And while saying that all friendships are goal-driven might seem like me being cold and logical and missing the true value of friendship in a My-Little-Pony-kind-of-way, I think it acknowledges that the purpose of friendship is to feel good about oneself and others, to me that’s practical self-care and acknowledges the evolutionary value of having friends.

Don’t have mediocre (or worse) friends is my point.

What does this have to do with dopamine, it’s sane to ask. The authors say that agentic relationships, like networking for your career, is dopaminergic while standard friendship is serotonergic (to do with serotonin, the molecule of contentment supposedly). Whereas I imagine your relationship with some you live with or (maybe ironically) work with are the merely affiliative. You don’t have a goal at all times, you fill a lot of silence with sharing, and you just marinate in their company for years to the point you sometimes only know you like them when they been gone. Modern friendships are a series of difficult to organize and frequently cancelled play-dates to consume together – be it food, alcohol, or a movie. It’s all planning, hoping, liking, rewarding. That’s dopamine.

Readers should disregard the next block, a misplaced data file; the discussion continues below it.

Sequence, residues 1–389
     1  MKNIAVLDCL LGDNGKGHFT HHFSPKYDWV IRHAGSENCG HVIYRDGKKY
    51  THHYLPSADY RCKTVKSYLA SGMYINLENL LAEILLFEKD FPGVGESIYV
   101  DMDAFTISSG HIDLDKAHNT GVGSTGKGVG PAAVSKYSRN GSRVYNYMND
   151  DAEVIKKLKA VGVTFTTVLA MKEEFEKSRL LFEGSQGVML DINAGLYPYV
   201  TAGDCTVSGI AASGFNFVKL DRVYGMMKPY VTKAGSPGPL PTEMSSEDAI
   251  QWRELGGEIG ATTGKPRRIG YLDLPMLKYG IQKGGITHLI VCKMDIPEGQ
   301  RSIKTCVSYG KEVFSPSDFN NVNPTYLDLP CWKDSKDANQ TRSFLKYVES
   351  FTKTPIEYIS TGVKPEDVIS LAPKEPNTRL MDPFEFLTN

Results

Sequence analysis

That was quite the rant, I’ll call that part one. Stay tuned.

Don’t Fall Into The Reward Trap

One of the biggest yet hardest traps to see in one’s fitness journey is the self-reward.

You worked out, hurray, you’re so pleased with yourself – and plus you’ve made room on the caloric budget of it – so you go ahead and have a soda, feeling good about it.

I’m falling into that bad again myself these days. I have a lot of free time in the afternoon after I’ve run all my miles in the morning. What started as eating indulgent food as a little celebration turned into joyless habit pretty quick and bam, I was insidiously back on the standard garbage diet.